Cricula trifenestrata — “Cricula silkmoth”

Cricula trifenestrata, the Cricula silkmoth, is a rather tiny silkmoth from tropical Asia. Larvae are highly polyphagous and are willing to feed on a rather large selection of trees, mainly fruit trees (Malus, Prunus, Pyrus) but also willow (Salix), oak (Quercus), and much more. The “trifenestrata” part of the name refers to the three transparent frames in the front wings.

Cricula trifenestrata, female 

  • Difficulty rating:  3/10 (Very easy in all regards)
  • Host plants: Eucalyptus, Quercus, Salix, Prunus, Fagus, Crataegus, Malus, Pyrus
  • Natural range:  India, Laos, Cambodia, Vietnam, Indonesia, more of tropical Asia
  • Polyphagous: yes  
  • Generations: Multivoltine  (continuously brooded in captivity, but interestingly has one flight time a year in some locations)
  • Family: Saturniidae (silkmoths)
  • Pupation: Cocoon (silk encasing) 
  • Prefered climate: Tropical (prefers warm and humid)
  • Special notes: Excellent species for beginners with social larvae.
  • Wingspan: 40- 90mm (small)

This species is very easy to breed and recommended for beginners. The larvae do well even when crowded; in fact, the larvae are gregarious  (this means they tend to  travel and feed in groups). The caterpillars are very social during their first instars, but become a little bit more solitary in the 4th and 5th instar. However, they never become fully solitary, and still remain in eachothers vicinity, often feeding together on the same branch of a tree or plant, moving on the the next branch once it has been defoliated.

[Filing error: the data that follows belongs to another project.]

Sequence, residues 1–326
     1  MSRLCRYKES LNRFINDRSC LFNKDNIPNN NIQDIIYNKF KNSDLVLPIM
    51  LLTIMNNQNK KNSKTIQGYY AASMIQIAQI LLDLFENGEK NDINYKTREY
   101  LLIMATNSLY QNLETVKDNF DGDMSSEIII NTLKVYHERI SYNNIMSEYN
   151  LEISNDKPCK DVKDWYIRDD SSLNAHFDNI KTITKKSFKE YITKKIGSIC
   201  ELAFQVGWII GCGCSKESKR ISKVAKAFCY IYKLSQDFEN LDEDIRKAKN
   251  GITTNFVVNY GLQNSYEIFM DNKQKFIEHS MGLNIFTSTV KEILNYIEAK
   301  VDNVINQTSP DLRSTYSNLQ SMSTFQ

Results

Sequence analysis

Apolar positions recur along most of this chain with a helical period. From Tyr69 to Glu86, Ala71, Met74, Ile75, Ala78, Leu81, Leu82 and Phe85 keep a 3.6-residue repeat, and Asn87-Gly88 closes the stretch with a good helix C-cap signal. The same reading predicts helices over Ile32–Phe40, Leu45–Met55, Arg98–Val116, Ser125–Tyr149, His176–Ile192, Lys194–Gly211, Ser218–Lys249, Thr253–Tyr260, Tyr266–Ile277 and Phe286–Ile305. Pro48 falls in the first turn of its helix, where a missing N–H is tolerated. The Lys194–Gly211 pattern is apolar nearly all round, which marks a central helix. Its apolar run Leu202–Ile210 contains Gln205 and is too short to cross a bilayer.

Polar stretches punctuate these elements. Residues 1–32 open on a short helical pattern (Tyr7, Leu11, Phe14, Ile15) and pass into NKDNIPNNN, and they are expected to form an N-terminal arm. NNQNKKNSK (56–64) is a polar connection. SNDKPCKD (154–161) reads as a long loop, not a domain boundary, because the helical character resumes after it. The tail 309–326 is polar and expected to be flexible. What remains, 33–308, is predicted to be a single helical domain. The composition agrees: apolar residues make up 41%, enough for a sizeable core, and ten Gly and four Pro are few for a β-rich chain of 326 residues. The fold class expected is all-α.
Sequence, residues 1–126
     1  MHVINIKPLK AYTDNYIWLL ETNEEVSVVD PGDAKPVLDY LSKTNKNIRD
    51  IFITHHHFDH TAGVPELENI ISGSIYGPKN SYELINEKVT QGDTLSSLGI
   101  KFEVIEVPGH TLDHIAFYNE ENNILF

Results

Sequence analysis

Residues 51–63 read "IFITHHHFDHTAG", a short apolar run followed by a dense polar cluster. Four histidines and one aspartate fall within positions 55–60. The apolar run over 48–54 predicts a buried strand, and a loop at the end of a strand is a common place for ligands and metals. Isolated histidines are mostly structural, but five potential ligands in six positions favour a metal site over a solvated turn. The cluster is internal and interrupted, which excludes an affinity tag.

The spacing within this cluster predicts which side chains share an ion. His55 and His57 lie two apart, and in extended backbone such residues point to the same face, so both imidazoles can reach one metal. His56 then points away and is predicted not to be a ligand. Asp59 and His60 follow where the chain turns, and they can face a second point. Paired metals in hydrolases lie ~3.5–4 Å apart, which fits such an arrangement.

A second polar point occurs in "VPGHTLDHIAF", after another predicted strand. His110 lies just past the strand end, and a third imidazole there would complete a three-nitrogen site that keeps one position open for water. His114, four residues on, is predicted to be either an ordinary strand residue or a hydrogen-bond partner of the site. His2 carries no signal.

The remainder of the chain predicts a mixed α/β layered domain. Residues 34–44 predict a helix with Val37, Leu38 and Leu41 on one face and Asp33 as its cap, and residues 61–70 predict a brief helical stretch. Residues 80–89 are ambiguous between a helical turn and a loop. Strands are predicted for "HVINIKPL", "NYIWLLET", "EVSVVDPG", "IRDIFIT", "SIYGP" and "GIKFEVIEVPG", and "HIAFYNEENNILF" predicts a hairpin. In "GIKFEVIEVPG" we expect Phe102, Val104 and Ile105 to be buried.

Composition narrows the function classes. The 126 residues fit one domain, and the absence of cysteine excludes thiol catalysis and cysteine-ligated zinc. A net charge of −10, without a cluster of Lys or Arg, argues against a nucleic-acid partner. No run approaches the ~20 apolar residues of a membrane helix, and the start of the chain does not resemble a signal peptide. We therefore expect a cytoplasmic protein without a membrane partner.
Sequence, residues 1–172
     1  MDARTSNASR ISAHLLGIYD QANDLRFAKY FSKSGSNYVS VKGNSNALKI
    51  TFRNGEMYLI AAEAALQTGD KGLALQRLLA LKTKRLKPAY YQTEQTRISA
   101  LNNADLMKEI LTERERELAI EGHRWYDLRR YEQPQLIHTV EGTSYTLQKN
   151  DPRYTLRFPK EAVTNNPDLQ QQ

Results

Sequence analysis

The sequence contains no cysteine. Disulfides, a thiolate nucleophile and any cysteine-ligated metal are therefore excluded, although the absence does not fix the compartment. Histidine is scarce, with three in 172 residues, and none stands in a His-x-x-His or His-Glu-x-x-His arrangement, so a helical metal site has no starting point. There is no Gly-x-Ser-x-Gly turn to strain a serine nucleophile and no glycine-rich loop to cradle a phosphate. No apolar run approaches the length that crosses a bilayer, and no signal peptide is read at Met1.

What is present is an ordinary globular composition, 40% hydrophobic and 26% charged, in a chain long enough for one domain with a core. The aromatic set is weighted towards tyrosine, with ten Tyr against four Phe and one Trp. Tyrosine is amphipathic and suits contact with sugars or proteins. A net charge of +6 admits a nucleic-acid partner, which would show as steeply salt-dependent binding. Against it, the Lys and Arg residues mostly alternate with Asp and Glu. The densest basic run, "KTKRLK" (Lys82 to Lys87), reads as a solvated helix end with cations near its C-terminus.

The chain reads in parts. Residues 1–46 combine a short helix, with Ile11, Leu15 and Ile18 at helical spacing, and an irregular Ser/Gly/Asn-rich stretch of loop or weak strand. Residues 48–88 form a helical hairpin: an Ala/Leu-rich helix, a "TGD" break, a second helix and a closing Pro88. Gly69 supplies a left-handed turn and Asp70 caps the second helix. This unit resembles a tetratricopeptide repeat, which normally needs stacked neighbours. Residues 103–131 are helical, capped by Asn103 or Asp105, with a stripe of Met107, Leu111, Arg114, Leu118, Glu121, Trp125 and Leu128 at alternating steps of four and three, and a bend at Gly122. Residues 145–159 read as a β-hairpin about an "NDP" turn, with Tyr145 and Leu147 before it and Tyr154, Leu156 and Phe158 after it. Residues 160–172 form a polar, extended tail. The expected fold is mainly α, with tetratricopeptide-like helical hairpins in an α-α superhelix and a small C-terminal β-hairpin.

Cricula larvae on patrol, having consumed all the oak leaves 

The larvae are hairy, black, and decorated with tiny golden specks and red tubercules. Cocoons are often spun together, resulting on clumps of cocoons fused on the hostplant together in a network of silk.

cricula trifenestrata maleCricula trifenestrata, male – males of this species are very active and short lived

Cricula trifenestrata adult larva, quite pretty to look at 

Cricula trifenestrata cocoon mass, cocoons are often spun close to eachother in a silk network – the silvery silk turns to metallic gold gold after a few days

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The aim of this website is to provide information about many species of moths and butterflies around the world, with a slight focus on rearing them in captivity.

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